Enrollees in silver plans through the exchanges could be paying more than twice as much on prescription drugs than they would under a typical employer plan, new research finds.
The report — commissioned by the Pharmaceutical Research and Manufacturers of America and conducted by actuarial firm Milliman — found exchange participants are paying a “far larger increase in out-of-pocket costs than was found for other medical care.”
Overall, the report found that silver plan enrollees would likely pay 130 percent more for out-of-pocket prescription drugs compared to people on similar employer-sponsored plans.
The report looks at silver plans because they were the most popular.
“Americans participating in the exchanges were promised coverage comparable to employer plans and yet the reality is that many new plans are failing to provide an appropriate level of access to quality, affordable health care,” said John Castellani, president and CEO of PhRMA. “Patients face hurdles in accessing the medicines they need to manage their conditions, which is particularly problematic for Americans trying to control their chronic diseases.”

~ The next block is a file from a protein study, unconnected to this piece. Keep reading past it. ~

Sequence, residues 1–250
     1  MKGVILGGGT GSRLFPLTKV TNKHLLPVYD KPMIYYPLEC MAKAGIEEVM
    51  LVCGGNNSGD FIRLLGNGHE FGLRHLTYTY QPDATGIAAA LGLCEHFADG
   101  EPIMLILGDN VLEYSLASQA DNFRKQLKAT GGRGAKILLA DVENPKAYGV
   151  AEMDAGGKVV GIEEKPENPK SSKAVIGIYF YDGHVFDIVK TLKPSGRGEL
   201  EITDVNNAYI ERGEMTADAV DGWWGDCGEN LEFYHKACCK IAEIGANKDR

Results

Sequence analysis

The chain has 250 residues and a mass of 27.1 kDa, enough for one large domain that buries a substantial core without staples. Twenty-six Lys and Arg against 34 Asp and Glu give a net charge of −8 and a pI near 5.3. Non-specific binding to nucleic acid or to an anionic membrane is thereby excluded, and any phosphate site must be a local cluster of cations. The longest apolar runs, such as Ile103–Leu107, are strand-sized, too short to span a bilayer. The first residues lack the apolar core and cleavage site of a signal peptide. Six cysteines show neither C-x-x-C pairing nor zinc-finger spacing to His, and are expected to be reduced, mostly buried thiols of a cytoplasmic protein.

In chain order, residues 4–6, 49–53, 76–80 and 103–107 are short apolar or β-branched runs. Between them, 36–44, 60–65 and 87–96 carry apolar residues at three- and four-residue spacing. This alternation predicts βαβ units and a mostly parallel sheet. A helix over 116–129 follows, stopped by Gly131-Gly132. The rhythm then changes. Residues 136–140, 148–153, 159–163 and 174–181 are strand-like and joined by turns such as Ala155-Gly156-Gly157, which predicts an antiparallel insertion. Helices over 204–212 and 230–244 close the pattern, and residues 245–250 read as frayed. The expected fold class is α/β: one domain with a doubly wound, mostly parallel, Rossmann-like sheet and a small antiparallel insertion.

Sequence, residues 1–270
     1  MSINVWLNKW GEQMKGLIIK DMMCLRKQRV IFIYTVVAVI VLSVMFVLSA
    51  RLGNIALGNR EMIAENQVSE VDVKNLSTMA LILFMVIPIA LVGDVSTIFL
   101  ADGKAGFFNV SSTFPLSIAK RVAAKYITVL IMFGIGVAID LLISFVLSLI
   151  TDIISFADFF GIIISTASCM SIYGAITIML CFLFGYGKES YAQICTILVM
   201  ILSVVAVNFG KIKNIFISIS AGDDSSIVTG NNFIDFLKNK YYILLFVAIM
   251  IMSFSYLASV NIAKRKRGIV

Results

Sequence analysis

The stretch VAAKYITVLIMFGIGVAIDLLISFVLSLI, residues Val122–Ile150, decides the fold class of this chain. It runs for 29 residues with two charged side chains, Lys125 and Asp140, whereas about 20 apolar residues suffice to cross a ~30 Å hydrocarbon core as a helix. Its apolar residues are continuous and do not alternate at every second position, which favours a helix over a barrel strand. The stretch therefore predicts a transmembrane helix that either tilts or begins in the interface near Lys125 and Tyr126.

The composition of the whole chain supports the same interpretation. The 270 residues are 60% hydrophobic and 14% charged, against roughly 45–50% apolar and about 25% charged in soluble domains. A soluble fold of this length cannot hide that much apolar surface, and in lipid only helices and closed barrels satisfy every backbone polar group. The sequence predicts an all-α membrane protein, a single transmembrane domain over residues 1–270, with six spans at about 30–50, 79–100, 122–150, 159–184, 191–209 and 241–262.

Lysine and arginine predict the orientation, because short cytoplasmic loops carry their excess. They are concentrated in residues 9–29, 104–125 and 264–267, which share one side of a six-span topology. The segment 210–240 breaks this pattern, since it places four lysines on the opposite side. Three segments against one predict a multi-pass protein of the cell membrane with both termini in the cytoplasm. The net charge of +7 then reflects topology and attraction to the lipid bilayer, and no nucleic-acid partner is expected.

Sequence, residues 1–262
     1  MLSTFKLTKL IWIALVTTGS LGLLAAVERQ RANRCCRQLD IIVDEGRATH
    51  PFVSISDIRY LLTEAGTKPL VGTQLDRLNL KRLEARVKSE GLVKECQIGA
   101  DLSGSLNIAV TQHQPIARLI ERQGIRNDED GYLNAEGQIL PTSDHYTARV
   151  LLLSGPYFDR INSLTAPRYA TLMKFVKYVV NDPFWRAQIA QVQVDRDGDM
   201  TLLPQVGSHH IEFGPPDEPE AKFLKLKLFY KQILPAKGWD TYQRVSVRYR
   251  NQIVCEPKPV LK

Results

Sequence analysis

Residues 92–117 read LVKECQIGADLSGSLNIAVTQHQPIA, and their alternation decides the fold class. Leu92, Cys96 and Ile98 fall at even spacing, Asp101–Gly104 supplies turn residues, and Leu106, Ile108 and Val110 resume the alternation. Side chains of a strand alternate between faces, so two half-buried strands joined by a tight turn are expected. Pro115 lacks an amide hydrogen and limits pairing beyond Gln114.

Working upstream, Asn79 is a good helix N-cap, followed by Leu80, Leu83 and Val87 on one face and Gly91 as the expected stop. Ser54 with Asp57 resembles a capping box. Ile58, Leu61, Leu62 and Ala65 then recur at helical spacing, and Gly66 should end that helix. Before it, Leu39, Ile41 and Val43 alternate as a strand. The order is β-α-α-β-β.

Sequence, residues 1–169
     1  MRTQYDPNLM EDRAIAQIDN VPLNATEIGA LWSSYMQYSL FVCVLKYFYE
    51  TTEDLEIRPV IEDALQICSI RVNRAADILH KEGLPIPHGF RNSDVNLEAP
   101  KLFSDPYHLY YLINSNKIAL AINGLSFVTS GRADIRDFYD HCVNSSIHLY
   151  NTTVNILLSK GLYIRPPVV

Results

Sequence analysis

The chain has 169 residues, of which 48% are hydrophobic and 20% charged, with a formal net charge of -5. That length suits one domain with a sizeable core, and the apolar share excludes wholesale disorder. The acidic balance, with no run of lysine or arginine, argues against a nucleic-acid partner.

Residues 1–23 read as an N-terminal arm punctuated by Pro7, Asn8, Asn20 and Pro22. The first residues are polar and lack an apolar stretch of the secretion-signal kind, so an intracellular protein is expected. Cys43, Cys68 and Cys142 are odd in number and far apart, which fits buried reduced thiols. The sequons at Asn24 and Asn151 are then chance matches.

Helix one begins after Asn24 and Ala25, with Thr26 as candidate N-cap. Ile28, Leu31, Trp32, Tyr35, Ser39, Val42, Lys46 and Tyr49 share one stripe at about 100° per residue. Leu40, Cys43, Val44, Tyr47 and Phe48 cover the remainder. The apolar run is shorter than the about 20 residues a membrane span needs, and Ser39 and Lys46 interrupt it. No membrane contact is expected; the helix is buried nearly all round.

The report also noted that silver plans are nearly four times more likely to have a single combined deductible for medical and pharmacy benefits (46 percent of the time) compared to typical employer-sponsored plans (12 percent of the time).
“This is an important distinction, particularly for patients with chronic illnesses, as it means prescription medicines are not covered until patients meet the deductible,” the report noted. The typical deductible for silver plans is $2,000, according to analysis.
Researchers said higher out-of-pocket costs reduce patients’ likelihood of taking prescription medicines to manage chronic conditions, resulting in an increase in hospitalizations and higher health care costs overall.